Authors: FINRA Investor Education Foundation and ARC
Focus Area: 2000 to Present, Aging, Impact of Fraud, Fraud Surveys
Relevance: Fraud’s effects linger and cause distress well after the scam is over. The emotional consequences are often worse than financial losses. This new research underscores the importance of the FINRA Foundation’s work with an array of national, state and local partners to help Americans avoid fraud, and assist consumers who have been defrauded.
Summary: The FINRA Foundation’s survey was administered online in August of 2014, and 600 self-reported fraud victims responded to the survey. Non-probability quota sampling was used to obtain the sample, and respondents were 25 years of age or older.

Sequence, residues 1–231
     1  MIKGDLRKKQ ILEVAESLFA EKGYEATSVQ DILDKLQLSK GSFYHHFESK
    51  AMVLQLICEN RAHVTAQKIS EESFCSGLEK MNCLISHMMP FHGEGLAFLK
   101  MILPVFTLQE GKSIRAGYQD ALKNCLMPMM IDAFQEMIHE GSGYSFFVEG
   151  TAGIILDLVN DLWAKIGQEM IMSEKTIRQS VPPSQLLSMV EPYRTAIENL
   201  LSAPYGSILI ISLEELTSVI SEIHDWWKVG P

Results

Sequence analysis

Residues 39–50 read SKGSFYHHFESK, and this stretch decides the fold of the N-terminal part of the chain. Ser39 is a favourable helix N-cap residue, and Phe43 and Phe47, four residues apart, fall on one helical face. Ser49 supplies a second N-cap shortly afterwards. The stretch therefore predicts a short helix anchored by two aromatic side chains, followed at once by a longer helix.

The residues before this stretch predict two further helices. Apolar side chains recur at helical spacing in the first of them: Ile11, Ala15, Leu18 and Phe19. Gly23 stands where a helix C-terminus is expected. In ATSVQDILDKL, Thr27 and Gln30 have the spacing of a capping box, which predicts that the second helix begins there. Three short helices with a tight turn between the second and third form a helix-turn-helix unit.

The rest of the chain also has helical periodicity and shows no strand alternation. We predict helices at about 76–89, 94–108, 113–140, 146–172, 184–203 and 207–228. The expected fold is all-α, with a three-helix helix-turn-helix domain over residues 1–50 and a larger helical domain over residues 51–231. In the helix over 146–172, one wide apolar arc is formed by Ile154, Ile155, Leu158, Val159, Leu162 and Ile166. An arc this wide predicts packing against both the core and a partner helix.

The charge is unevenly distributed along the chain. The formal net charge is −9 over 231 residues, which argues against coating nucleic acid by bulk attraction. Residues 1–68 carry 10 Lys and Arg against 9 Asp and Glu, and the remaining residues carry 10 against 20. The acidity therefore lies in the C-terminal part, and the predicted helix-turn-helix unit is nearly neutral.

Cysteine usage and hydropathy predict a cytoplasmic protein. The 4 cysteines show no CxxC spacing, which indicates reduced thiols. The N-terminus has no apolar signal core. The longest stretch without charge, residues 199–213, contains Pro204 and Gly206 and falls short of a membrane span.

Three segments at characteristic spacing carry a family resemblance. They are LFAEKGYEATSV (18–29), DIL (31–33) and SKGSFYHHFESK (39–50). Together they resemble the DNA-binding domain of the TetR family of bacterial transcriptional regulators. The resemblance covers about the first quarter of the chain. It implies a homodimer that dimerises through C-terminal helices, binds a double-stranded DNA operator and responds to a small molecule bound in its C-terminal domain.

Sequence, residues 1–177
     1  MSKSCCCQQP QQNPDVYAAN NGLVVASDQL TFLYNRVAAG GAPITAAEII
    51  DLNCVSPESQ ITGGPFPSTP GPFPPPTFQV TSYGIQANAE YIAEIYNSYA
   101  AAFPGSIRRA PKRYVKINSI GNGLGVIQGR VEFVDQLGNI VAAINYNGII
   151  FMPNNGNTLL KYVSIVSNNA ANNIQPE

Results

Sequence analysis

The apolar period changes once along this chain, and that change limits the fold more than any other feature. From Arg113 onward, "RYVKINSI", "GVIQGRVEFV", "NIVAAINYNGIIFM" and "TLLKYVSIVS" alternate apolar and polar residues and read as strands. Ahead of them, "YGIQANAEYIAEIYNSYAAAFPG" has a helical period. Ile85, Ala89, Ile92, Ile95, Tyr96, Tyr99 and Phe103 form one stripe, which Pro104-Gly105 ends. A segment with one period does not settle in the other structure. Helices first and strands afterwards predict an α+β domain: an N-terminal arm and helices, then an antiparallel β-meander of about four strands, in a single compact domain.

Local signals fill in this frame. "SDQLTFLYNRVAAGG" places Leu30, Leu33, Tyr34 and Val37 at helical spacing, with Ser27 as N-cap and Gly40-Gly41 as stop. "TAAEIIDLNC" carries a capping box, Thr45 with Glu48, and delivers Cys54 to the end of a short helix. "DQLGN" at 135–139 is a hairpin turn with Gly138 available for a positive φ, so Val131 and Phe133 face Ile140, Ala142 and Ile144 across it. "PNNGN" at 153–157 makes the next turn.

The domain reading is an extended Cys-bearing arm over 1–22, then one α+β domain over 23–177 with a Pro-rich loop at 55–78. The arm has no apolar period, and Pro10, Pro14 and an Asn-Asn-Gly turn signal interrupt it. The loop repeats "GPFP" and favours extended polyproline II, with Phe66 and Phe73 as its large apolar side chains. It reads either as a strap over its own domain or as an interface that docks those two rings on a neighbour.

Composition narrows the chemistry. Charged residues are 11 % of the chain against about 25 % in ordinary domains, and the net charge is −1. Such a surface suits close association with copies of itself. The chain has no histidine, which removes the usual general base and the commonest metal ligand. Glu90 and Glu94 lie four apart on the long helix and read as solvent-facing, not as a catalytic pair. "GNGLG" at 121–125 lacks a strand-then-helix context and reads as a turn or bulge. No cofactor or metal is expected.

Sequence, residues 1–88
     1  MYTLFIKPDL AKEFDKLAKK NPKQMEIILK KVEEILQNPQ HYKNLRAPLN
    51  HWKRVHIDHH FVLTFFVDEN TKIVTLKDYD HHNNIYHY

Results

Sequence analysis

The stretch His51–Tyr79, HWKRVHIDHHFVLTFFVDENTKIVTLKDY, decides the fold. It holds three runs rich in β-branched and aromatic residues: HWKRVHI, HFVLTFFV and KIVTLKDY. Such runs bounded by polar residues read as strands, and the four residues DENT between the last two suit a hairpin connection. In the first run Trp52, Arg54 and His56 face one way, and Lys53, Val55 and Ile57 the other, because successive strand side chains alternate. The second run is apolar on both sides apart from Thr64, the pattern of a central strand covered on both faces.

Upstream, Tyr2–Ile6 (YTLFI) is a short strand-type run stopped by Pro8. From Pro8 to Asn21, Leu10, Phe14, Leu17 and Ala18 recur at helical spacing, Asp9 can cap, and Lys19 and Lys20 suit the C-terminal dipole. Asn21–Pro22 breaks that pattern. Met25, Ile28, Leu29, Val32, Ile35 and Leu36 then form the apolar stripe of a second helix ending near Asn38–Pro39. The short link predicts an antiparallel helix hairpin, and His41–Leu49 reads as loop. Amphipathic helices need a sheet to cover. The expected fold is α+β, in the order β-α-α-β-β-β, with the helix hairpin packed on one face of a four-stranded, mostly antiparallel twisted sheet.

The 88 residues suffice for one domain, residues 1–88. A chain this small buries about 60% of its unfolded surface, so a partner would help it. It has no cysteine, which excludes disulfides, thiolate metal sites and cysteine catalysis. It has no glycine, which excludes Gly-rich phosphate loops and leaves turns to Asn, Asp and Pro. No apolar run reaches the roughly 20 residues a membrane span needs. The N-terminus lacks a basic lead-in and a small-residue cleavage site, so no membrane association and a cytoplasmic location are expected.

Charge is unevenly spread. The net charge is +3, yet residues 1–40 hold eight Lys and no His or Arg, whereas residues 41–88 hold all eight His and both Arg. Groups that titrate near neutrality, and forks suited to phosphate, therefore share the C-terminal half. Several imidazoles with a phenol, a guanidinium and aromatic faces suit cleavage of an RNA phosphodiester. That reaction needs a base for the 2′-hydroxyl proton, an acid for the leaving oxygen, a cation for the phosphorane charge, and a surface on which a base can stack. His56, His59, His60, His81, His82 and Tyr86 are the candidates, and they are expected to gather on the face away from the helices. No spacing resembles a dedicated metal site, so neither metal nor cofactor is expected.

- Nearly two thirds (65 percent) reported experiencing at least one type of non-financial cost to a serious degree.
- The most commonly cited non-financial costs of fraud are severe stress (50 percent), anxiety (44 percent), difficulty sleeping (38 percent) and depression (35 percent).
- Nearly half of fraud victims reported incurring indirect financial costs associated with the fraud, such as late fees, legal fees and bounced checks.
- Twenty-nine percent of respondents reported incurring more than $1,000 in indirect costs, and 9 percent declared bankruptcy as a result of the fraud.
Author Abstract: None
Link to the full paper here.